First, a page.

What Is a Status Conference in a Divorce?
By John Parker
The laws that define divorce proceeding are the province of the various states rather than federal law and therefore differ significantly from state to state. Nevertheless, there are certain elements that are common to all divorce proceedings regardless of state of jurisdiction, and the status conference is a prime example.
Beginning Divorce Proceeding
Divorce proceedings are initiated by the filing of a legal pleading called a petition or complaint: a formal, written document that states the reasons for dissolution of a marriage (divorce) and that seeks related relief such as custody of children, spousal support and distribution of property of the marriage.
Requesting a Status Conference
After the other spouse has responded by filing a formal pleading called an answer, either party may request a status conference by filing a formal pleading known in most jurisdictions as a Notice to Set Status Conference or Request for Status Conference.
Scheduling the Status Conference
In response to this request, the trial court will assign a date for the status conference. If both parties are represented by counsel, the court will usually consult both attorneys to determine a date and time.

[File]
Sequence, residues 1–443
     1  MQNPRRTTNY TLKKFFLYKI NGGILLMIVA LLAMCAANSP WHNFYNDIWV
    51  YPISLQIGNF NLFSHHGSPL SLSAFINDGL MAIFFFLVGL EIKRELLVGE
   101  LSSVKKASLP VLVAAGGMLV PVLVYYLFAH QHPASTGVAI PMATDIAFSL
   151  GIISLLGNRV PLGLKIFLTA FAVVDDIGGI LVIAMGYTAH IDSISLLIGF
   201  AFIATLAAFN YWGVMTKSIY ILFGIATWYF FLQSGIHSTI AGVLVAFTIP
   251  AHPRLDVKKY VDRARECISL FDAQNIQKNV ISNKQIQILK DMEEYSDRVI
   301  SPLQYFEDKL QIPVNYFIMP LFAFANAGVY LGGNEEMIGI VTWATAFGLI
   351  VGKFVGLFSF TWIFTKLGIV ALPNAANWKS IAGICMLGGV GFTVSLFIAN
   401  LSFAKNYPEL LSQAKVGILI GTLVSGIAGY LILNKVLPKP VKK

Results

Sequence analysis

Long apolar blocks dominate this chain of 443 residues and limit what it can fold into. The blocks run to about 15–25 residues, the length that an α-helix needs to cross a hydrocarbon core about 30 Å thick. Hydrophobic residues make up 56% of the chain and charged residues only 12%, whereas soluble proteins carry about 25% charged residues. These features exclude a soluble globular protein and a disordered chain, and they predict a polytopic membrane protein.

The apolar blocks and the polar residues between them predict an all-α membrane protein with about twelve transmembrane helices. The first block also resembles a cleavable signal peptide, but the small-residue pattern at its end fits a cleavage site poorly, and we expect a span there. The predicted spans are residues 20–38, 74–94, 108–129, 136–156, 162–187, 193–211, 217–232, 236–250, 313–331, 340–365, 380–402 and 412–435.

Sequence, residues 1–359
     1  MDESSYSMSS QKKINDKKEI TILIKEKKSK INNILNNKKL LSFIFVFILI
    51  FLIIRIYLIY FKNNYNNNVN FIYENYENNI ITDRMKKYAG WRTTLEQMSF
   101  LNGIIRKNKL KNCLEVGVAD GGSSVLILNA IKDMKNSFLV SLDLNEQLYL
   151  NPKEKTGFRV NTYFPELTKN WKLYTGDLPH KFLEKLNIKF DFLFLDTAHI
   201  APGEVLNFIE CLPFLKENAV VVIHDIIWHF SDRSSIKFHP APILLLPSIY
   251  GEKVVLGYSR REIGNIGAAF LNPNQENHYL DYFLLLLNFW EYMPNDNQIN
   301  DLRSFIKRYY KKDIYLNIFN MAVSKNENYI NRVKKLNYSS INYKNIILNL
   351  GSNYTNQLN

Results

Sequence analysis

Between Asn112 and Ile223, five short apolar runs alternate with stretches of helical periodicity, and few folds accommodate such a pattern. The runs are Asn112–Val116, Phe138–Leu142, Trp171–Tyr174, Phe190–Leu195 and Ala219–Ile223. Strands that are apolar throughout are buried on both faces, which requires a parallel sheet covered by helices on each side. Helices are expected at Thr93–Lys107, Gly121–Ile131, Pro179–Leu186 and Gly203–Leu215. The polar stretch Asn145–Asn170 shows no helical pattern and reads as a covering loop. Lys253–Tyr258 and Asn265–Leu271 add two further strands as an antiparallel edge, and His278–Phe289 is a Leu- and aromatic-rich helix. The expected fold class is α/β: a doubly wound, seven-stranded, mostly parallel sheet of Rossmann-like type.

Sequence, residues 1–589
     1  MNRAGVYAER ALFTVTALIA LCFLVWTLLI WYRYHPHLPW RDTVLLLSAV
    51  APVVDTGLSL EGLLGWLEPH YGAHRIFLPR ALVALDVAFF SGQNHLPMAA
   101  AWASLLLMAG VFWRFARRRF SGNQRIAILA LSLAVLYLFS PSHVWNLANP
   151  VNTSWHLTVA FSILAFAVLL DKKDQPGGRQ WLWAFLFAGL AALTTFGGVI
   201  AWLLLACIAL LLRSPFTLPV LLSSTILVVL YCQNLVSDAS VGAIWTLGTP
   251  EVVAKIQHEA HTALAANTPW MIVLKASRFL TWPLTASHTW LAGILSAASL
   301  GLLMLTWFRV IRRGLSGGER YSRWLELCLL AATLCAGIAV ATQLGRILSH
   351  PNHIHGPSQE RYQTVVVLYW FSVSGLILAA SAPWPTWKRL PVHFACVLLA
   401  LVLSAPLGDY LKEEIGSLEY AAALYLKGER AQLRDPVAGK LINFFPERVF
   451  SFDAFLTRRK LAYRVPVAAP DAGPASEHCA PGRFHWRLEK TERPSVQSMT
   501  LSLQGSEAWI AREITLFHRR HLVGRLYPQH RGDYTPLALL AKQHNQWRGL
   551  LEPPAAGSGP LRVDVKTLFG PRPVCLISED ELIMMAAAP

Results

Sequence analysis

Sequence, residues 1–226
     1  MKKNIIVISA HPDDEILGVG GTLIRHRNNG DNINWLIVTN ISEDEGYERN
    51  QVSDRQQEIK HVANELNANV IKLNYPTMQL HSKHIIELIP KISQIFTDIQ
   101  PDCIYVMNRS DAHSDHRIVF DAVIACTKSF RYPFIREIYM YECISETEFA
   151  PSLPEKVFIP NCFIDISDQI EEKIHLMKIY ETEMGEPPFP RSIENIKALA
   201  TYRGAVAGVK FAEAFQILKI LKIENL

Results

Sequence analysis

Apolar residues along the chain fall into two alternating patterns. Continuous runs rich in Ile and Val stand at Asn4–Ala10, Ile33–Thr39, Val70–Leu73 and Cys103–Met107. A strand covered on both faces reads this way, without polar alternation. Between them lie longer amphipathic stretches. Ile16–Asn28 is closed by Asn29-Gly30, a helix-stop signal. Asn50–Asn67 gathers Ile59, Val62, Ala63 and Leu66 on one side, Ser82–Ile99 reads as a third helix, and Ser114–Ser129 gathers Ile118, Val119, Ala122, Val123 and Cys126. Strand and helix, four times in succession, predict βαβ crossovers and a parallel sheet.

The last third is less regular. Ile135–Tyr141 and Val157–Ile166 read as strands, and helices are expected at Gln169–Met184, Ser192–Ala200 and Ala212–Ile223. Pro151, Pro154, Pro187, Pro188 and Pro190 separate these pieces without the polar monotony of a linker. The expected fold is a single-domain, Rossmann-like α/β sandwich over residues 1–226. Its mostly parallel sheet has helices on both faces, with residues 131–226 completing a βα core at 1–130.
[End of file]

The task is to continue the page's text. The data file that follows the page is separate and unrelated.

Purpose of a Status Conference
The primary purpose of the initial status conference is to determine the overall schedule under which the divorce proceeding will progress. Deadlines will be assigned for such matters as production of documents, conduct of depositions and the filing of supplemental pleadings. The court also will set hearing dates. The court may also set a tentative trial date during the status conference.
Location of Status Conference
In many jurisdictions, the status conference is conducted as an informal meeting in the chambers of the trial judge and is not recorded or transcribed by the court reporter. It may even be conducted by a telephone conference call. However, some jurisdictions conduct the status conference as a formal proceeding in open court and on record.
Status Conference Vs. Settlement Conference
Although the status conference is held primarily to determine a tentative schedule for conduct of the overall divorce proceeding, it is not unusual for the attorneys or the parties to discuss prospects for settlement of the action during that conference. However, most jurisdictions provide for a second, separate conference that is specifically dedicated to settlement discussion.
John Parker is the long-standing editor of an internationally distributed technology magazine. Since 1975, his wide-ranging writing career has encompassed diverse projects spanning from legal boilerplate to editorials to technology tutorials. Parker holds a Doctor of Jurisprudence.